Family Devotions

Family Devotions, by the Scottish artist Alexander Johnston (1815-1891). Oil on canvas. 30.5 x 40.6 cm. Collection: Glasgow Museums, Accession no. 1153. Kindly made available for reuse on the Creative Commons Attribution-NonCommercial-NoDerivatives licence. This was a very popular painting: another version of it, entitled The Sabbath Eve, is in the collection of the Leeds Museum and Galleries. There was also an engraving of it under the latter title:

The Sabbath Eve

The Sabbath Eve, engraved by P. Lightfoot. Dimensions given here: 43 x 32 inches. Exhibited at the Royal Academy 1851. Source: 1862 The Art-Journal. [Click on both images to enlarge them.]


Commentary by The Art-Journal

Certain pictures there are which, like certain melodies, one can never altogether forget; it may not be, perhaps, the sweetness of the strain, nor the beauty of the painting, by which it lives in memory; associations of time, place, and circumstance may do much to keep it in the mind; it remains there with more or less vividness, often unseen or unheard, till the notes, at some distant day, are re-awakened, or the picture again comes before the eye; then we recognise them as “old familiar friends,” whom we rejoice to meet again. Such a cordial welcome we give to Mr. Johnston’s "Sabbath Eve." It was exhibited at the Royal Academy, in 1851, under the title of "Family Worship," to which was appended the following quotation from Burns:—

“From scenes like these old Scotia's grandeur springs,
That makes her loved at home, revered abroad.”

The poet’s love of his native country has led him. to assme, imperceptibly, that such scenes are limited to Scotland: perhaps if, when he wrote the passage, he had known more of the southerners, he would have allowed us some share, at least, in his proper eulogy of the practice of domestic worship

Burns’s lines afford no introduction to the scene here represented, there is in the composition enough to signify its Scottish origin; in fact, it might almost stand for an illustration of a passage in Burns’s “Cotter’s Saturday Night,” were it not that the family group is evidently dressed in the best of the wardrobe, while there is nothing to intimate that any worldly business has been carried on during the preceding hours of the day, — one, unquestionably, of rest and hallowing worship in the public assembly; and now the inmates of the peaceful cottage have assembled for private devotion as the closing hour of day draws near. The home-circle includes three generations: there are the aged patriarch and his wife, the latter, apparently an invalid, and fast approaching the night of death; their son, the stalwart man in the prime of life, is reading, and perhaps expounding — for these Scottish peasants of the better class are frequently found “apt to teach” — a chapter in the Bible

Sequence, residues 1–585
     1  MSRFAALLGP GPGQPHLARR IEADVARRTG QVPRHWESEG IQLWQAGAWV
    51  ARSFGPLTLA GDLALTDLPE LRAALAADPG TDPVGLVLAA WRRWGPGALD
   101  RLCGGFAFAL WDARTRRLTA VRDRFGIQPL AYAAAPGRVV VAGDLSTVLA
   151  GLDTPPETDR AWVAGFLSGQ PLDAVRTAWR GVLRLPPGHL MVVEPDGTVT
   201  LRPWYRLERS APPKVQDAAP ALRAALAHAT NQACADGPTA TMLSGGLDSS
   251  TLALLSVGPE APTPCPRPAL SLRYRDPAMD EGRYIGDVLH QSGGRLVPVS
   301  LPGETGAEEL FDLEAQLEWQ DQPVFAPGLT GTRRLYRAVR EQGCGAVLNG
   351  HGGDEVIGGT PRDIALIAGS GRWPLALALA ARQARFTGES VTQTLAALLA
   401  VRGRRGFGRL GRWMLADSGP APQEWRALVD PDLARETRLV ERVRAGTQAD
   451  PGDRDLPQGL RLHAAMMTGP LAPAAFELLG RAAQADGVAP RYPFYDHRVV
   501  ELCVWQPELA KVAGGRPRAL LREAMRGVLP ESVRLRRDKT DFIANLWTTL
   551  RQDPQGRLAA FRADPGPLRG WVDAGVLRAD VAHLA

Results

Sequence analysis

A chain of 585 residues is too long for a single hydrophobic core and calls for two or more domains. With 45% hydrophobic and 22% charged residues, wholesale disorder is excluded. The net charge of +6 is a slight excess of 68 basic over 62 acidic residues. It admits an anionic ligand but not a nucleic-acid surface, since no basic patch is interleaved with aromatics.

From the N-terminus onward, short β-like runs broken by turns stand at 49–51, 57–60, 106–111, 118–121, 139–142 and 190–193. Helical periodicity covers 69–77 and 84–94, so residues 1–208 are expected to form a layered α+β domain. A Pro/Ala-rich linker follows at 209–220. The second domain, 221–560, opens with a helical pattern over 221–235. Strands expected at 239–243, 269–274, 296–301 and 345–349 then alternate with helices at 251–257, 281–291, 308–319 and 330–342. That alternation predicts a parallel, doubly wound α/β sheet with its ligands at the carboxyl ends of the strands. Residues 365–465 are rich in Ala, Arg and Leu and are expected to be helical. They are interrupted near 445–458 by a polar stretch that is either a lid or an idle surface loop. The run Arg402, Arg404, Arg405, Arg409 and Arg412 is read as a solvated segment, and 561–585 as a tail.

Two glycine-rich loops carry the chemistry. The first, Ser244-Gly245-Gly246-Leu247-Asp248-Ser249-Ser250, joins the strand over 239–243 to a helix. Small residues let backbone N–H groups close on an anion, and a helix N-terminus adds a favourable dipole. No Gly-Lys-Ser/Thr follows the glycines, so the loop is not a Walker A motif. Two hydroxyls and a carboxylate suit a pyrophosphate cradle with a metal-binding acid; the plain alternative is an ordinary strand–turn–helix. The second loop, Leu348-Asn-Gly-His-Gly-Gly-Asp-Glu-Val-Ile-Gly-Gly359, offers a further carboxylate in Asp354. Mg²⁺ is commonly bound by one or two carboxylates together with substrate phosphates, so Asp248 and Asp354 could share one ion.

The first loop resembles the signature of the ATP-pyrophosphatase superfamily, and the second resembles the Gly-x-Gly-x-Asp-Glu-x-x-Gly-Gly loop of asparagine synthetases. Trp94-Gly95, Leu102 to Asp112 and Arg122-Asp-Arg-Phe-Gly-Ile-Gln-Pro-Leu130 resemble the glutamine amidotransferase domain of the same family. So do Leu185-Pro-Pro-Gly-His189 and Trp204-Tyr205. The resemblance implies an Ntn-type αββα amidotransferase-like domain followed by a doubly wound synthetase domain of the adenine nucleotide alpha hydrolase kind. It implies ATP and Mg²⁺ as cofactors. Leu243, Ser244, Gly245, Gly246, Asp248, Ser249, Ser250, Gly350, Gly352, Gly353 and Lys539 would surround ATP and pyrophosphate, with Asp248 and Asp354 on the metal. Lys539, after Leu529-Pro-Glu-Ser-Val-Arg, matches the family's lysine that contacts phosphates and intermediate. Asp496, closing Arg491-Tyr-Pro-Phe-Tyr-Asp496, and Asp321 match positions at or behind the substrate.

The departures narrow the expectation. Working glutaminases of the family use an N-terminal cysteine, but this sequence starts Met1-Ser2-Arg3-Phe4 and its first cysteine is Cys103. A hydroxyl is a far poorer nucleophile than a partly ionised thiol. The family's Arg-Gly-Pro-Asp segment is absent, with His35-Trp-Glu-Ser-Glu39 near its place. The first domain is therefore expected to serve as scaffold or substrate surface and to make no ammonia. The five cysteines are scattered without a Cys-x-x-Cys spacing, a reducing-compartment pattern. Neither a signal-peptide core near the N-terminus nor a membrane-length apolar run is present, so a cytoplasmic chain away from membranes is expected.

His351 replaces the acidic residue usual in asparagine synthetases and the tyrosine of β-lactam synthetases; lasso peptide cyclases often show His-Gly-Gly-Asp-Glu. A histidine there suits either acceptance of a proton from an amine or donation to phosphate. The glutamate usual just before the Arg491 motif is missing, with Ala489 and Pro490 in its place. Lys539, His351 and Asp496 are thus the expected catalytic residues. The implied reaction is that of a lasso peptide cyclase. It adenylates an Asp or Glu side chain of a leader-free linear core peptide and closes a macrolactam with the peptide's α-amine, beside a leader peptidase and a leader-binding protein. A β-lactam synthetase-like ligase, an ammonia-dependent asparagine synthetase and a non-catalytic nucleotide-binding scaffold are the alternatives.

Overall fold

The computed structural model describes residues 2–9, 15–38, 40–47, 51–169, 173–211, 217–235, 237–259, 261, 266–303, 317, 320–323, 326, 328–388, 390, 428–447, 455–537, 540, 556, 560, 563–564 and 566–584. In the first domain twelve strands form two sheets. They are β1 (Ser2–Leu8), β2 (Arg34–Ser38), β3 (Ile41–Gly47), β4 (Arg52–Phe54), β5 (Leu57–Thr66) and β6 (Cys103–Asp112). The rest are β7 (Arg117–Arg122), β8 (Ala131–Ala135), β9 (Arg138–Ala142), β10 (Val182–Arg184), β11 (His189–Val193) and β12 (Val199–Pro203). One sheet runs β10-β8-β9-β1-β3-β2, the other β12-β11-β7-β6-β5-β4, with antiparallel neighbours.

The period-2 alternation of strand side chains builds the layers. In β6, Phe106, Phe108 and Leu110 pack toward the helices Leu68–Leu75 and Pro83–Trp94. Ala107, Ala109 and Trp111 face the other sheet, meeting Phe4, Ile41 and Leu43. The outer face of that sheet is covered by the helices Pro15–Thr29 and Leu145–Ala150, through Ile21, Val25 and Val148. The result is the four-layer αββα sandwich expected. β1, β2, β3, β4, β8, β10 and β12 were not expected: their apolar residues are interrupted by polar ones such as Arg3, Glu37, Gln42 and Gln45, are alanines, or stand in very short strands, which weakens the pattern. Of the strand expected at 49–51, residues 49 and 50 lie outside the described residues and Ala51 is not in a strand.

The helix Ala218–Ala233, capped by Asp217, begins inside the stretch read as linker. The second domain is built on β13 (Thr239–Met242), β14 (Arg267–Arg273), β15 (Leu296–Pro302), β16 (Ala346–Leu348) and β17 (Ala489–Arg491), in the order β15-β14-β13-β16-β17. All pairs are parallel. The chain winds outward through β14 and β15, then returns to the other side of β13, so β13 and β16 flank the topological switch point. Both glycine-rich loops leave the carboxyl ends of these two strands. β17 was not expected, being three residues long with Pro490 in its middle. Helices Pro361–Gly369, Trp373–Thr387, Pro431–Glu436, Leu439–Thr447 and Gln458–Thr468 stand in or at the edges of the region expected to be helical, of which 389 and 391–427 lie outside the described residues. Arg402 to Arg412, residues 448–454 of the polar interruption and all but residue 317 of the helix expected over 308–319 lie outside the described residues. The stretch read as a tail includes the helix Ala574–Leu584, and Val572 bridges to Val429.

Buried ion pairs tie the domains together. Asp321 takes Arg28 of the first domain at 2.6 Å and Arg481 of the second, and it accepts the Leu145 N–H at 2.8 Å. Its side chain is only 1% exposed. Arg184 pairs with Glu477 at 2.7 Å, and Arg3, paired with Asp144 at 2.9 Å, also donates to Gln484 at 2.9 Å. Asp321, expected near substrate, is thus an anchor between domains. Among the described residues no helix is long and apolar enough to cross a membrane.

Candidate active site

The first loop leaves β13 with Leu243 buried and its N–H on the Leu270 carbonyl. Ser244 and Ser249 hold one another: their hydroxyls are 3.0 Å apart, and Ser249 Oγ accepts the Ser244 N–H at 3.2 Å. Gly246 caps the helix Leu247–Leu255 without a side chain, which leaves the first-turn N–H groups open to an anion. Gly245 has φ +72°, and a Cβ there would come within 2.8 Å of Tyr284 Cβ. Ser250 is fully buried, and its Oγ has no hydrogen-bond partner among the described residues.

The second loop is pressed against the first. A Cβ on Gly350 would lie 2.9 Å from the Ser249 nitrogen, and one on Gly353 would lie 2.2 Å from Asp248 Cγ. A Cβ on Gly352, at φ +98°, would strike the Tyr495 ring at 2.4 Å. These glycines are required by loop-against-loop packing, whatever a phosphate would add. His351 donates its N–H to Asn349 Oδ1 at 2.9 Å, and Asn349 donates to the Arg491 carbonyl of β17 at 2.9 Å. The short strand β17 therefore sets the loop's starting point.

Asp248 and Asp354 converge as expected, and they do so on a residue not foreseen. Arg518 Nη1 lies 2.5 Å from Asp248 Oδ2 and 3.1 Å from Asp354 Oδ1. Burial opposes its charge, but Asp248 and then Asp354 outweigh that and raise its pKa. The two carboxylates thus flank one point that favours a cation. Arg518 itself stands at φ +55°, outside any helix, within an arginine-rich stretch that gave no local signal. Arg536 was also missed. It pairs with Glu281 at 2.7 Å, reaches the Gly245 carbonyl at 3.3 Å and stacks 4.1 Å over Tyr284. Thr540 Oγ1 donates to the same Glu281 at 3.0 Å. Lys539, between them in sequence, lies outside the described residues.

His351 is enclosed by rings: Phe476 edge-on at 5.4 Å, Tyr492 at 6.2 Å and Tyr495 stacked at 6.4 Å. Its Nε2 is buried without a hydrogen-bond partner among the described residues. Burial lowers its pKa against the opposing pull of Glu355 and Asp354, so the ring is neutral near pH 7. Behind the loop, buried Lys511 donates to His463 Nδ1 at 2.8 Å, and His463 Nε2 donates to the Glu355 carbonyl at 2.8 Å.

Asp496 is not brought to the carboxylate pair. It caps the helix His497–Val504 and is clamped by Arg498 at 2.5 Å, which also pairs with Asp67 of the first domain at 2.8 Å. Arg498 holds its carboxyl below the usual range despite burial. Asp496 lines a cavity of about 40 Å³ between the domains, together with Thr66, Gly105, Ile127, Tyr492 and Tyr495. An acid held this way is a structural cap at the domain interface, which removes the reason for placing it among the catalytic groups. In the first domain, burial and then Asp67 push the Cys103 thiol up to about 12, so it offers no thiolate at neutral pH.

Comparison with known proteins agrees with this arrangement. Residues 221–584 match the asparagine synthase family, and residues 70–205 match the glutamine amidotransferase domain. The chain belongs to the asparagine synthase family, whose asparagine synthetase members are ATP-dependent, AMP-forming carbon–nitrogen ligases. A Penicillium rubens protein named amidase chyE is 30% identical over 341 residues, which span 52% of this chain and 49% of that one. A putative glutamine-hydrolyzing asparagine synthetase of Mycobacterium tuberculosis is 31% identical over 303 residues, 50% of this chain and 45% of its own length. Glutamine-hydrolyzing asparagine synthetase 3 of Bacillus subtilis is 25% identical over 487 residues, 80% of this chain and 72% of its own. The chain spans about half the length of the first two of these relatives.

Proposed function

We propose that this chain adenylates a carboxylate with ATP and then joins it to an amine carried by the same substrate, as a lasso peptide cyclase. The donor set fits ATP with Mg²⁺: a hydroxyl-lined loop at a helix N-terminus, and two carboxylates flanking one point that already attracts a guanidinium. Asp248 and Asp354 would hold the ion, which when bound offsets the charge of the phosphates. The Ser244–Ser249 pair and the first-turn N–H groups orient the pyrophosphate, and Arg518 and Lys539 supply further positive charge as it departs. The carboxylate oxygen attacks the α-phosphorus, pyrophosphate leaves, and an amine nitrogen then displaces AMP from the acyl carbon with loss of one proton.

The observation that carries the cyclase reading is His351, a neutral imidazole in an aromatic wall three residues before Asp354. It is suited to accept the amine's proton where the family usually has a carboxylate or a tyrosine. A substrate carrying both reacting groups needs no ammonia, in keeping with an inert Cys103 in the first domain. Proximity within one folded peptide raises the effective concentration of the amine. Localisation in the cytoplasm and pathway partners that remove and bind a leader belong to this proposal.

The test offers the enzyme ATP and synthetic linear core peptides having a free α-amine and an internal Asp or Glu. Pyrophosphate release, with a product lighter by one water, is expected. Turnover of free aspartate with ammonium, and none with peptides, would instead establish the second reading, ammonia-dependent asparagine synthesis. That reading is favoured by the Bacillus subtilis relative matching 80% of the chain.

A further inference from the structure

“The priest-like father reads the sacred page,
How Abram was the friend of God on high;
Or Moses bade eternal warfare wage
With Amalck’s ungracious progeny;
Or how the royal Bard did groaning lie
Beneath the stroke of Heaven’s avenging ire;
Or Job’s pathetic plaint and wailing cry;
Or rapt Isaiah’s wild, seraphic fire,
Or other holy Seers that tune the sacred lyre.”

Who knows what words of hope and comfort may reach the heart of the sick mother out of that, sacred volume! His younger Wife sits. by, endeavouring to hush into silence a wakeful and rather refractory bairn, whose elder brother is leaning on his grandsire’s shoulder. The handsome, bonnie lass may be a young daughter of the old couple, for she looks rather too old to stand in this relation to the younger man and woman, These figures are well arranged, both pictorially and with reference to the subject it is intended to illustrate; each “one shows careful study of character and circumstance, and the whole are brought forward in a manner at once effective and agreeable. In colour the picture is true and forcible; while the broad and judicious arrangement of flight and shade makes it an excellent subject for engraving.

Such themes are admirably suited for Art: they both gratify and teach, suggesting thought and inducing gratitude. The artist has generally selected subjects for his pencil which exhibit reading and reflection, and are never commonplace. He occupies a prominent station in his profession, obtained and maintained by the exercise of mind as well as skill in his productions. [108]

Image capture, text transcription, and formatting by George P. Landow and (just the Glasgow Museums image) Jacqueline Banerjee. [You may use the image of the engraving too without prior permission for any scholarly or educational purpose as long as you (1) credit the Hathi Trust Digital Library and the University of Michigan and (2) link your document to this URL in a web document or cite the Victorian Web in a print


“Selected Pictures from the Collection of William Renshaw, Esq., at Salford: The Sabbath Eve.” Art Journal (1862): 108-09. Hathi Trust Digital Library version of a copy in the University of Michigan Library. Web. 5 April 2014.

Last modified 15 April 2018